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Study suggests additional warming of the Earth due to better air quality could occur later than previously thought

Long time lag in heavily polluted regions as improvement in air quality warms climate
Decadal variations of emissions, aerosol index and cloud droplet number concentration during 2001–2020 over major industrial regions and their adjacent oceans. ad, Anthropogenic SO2, BC and OC emissions from the Community Emissions Data System (CEDSv_2021_04_21) over EU (a), NA (b), IN (c) and EC (d). eh, AI and Nd from MODIS, Nd from CMIP6 hist/ssp245-GHG and hist/ssp245-NAT experiments over EU (e), NA (f), IN (g) and EC (h). il, Same as eh but for adjacent oceans: EUO (i), NAO (j), INO (k) and ECO (l). Here the variables are normalized against the 20-year mean value in each region, meaning the percent deviation from the mean value (in units of %). The time series are smoothed using robust locally weighted regression algorithm (LOWESS) with a seven-year time window. The numbers in the top right corner of each plot show relative trends (% per year). The corresponding multi-year means and absolute linear trends are displayed in Supplementary Table 1. Also shown is the Nd sensitivity (SAI) calculated from decadal variations of AI and Nd excluding any high-frequency noises.. Credit: Nature Climate Change (2023). DOI: 10.1038/s41558-023-01775-5

In a recent study, scientists at Leipzig University have revised previous assumptions about the influence of pollutant particles, known as aerosols, on global warming. Using satellite data, Dr. Hailing Jia and Professor Johannes Quaas have shown that the relationship between water droplets in clouds and aerosol concentration is more non-linear than previously thought.

Specifically, in heavily polluted regions, the additional warming of the Earth resulting from better air quality could occur much later than originally believed—perhaps as much as 20 or 30 years later than expected. The Leipzig study was recently published in the journal Nature Climate Change.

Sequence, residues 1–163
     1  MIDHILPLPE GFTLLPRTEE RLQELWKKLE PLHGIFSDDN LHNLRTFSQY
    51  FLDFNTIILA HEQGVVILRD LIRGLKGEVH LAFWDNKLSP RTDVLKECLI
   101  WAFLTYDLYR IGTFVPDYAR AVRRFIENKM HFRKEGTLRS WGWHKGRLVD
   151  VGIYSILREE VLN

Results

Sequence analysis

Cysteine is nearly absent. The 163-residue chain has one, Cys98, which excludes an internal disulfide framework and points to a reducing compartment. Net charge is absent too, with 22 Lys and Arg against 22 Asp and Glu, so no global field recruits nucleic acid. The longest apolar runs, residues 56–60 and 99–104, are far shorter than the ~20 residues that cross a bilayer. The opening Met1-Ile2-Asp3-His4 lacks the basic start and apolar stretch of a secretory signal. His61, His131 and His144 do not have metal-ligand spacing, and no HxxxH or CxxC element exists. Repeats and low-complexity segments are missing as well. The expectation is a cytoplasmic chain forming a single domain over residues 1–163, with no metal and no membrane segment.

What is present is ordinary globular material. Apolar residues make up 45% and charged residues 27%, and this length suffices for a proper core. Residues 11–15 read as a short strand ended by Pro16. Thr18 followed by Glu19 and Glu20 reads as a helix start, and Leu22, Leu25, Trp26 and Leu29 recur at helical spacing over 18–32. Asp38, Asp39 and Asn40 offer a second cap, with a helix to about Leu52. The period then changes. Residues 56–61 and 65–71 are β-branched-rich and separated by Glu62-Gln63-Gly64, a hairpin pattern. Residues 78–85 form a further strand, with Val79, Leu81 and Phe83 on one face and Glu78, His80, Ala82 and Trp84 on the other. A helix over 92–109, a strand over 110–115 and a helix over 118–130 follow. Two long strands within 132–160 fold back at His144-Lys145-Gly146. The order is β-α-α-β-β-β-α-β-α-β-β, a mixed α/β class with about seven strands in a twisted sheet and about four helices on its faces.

Concentrations of aerosols have fallen significantly since 2000. This is good news because aerosols are harmful to humans and the environment. At the same time, the cooling effect of these particles on the climate has also decreased: aerosols, in the form of pollutant particles such as fine dust or , cool our climate by reflecting sunlight and increasing the reflectivity of clouds.

Study sheds light on complex interrelationships between aerosols and clouds

Until now, researchers assumed that the warming effect of fewer aerosols in the air would be felt immediately. The new study from Leipzig University shows that it is not that simple. "With our new non-linear method for calculating aerosol-cloud interactions, we were able to show that in highly polluted regions, the additional warming due to improvements in air quality occurs two to three decades later than previously assumed," says first author Dr. Hailing Jia, who works as a research assistant at the Leipzig Institute for Meteorology at Leipzig University.

"Our study underlines how complex the relationship between and clouds is, and how important it is to better understand these interactions in order to make future climate projections more reliable."

The study shows that more accurate modeling of these processes is needed. This will open up new ways to better understand the influence of air quality on climate. "The results of our study are also important for : when and how much aerosol reduction affects needs to be studied in more detail in order to make informed decisions for the future," says Professor Johannes Quaas, a meteorologist at Leipzig University.

Estimates suggest that cloud-related warming due to stricter air quality standards will be felt in China from around 2025 and in India from 2050. "As we approach the 1.5°C Paris target, our findings underscore the urgency of reducing to avoid a sharp rise in temperature," says Quaas.

More information: Hailing Jia et al, Nonlinearity of the cloud response postpones climate penalty of mitigating air pollution in polluted regions, Nature Climate Change (2023). DOI: 10.1038/s41558-023-01775-5

Journal information: Nature Climate Change

Provided by Leipzig University

Citation: Study suggests additional warming of the Earth due to better air quality could occur later than previously thought (2023, August 30) retrieved 28 November 2023 from
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